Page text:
Ava DuVernay will write and direct a limited series about the Central Park Five for Netflix. The five-episode drama is set to premiere on the video streaming service in 2019.
DuVernay previously worked with Netflix on the documentary 13th, which explored race and justice in America following the prohibition of slavery as deemed by the Thirteenth Amendment to the United States Constitution. It was nominated for an Academy Award for Best Documentary Feature at this year's ceremony.
"I had an extraordinary experience working with Netflix on 13th and am overjoyed to continue this exploration of the criminal justice system as a narrative project," DuVernay said. "The story of the men known as Central Park Five has riveted me for more than two decades. In their journey, we witness five innocent young men of color who were met with injustice at every turn — from coerced confessions to unjust incarceration to public calls for their execution by the man who would go on to be the President of the United States."
Each episode of the series will focus on each specific teenager and their upbringing of Harlem through their wrongful conviction, release and achievement of a long awaited settlement from the city of New York as awarded by Mayor Bill de Blasio. The five men — four black and one Hispanic — had been accused of assaulting, raping and sodomizing 28-year-old Trisha Meili who had been jogging around Central Park during the evening of April 19, 1989. Each man spent six to 13 years in prison before Matias Reyes came forward in 2002, confessing to be the sole rapist in the case. The Central Park Five sued New York City in 2003 with the city refusing to settle under then-Mayor Michael Bloomberg until de Blasio supported their claims and they were awarded $41 million.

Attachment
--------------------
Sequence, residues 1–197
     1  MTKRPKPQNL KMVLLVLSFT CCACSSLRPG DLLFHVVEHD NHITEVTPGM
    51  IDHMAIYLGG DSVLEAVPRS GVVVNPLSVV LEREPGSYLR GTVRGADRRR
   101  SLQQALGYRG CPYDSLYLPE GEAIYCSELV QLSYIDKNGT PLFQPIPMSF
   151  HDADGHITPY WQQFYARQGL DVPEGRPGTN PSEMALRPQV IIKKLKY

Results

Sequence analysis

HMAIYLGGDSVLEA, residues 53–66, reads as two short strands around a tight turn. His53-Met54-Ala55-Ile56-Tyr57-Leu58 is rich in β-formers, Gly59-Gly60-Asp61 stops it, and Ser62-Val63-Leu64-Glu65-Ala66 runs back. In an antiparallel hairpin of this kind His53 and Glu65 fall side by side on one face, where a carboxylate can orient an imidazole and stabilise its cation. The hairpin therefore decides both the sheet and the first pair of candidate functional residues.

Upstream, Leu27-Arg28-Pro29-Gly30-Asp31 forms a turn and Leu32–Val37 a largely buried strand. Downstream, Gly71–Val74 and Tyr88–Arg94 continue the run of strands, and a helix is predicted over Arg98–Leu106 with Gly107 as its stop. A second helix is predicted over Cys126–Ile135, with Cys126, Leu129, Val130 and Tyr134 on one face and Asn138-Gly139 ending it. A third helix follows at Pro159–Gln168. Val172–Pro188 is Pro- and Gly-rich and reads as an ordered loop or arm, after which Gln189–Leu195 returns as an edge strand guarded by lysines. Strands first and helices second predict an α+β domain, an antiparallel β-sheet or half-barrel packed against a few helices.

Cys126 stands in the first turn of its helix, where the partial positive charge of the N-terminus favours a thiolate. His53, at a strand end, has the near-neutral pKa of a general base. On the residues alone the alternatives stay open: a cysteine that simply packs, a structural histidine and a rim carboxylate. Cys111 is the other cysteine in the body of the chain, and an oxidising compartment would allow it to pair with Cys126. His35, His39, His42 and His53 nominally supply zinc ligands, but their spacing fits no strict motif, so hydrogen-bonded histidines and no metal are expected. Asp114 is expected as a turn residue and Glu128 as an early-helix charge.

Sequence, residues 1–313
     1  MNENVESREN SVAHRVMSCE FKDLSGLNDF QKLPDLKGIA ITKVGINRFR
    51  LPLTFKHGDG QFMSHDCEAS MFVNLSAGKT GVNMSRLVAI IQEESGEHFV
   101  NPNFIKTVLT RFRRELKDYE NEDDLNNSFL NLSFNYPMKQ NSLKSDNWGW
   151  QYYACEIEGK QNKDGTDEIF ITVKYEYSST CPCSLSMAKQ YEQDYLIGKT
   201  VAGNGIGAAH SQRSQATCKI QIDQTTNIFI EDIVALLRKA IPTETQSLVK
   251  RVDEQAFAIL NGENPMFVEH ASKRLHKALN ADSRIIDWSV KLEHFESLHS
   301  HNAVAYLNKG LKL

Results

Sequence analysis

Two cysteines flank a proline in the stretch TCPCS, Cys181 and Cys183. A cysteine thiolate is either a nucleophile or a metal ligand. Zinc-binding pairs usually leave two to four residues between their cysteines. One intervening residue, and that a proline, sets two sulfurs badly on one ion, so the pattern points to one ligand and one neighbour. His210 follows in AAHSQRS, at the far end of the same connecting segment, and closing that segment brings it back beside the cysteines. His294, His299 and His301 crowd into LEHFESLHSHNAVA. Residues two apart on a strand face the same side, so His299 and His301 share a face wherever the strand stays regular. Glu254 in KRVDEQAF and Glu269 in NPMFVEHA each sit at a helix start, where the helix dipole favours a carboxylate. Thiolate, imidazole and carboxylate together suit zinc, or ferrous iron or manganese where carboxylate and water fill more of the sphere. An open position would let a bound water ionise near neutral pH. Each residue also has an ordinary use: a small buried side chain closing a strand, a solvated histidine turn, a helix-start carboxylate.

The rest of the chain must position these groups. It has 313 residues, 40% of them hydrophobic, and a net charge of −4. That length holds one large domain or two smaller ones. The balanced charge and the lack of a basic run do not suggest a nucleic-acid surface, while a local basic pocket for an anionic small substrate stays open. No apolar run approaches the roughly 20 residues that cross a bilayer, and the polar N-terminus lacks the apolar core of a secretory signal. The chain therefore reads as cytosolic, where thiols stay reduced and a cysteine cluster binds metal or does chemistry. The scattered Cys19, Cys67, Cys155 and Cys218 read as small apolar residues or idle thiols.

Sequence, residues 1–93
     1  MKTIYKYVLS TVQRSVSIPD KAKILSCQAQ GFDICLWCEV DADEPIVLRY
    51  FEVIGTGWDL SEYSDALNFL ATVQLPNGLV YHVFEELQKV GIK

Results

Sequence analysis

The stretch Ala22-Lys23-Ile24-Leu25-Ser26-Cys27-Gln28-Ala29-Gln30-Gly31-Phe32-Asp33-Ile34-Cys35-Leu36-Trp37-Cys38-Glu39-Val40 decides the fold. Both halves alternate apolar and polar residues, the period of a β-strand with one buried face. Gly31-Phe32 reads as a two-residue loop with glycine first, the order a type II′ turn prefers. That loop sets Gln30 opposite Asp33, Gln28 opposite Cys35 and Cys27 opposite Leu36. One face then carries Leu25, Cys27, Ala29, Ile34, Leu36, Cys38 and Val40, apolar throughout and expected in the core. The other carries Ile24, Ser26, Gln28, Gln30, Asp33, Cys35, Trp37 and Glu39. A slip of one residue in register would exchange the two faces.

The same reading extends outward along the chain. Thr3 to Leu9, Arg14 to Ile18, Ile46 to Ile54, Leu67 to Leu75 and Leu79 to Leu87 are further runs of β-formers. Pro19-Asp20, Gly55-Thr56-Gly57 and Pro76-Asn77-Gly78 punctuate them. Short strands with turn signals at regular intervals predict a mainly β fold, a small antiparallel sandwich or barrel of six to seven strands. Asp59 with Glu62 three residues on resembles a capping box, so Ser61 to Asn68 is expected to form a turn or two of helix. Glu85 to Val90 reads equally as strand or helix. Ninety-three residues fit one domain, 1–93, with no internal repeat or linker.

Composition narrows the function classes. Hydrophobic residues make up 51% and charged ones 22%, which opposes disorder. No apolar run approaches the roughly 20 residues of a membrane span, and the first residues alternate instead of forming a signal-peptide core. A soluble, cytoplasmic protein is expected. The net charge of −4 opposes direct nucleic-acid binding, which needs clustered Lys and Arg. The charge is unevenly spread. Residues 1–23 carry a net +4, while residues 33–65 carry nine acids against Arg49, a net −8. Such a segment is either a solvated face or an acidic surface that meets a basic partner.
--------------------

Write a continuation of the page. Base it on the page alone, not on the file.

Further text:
DuVernay's statement also refers to President Donald Trump's involvement in the case as a vocal proponent of the Central Park Five receiving the death penalty. He took out full-page advertisements in all four of the city's major newspapers. Trump has retained this opinion for nearly three decades, bringing up the case while on the campaign trail and refuting the innocence of the freed men.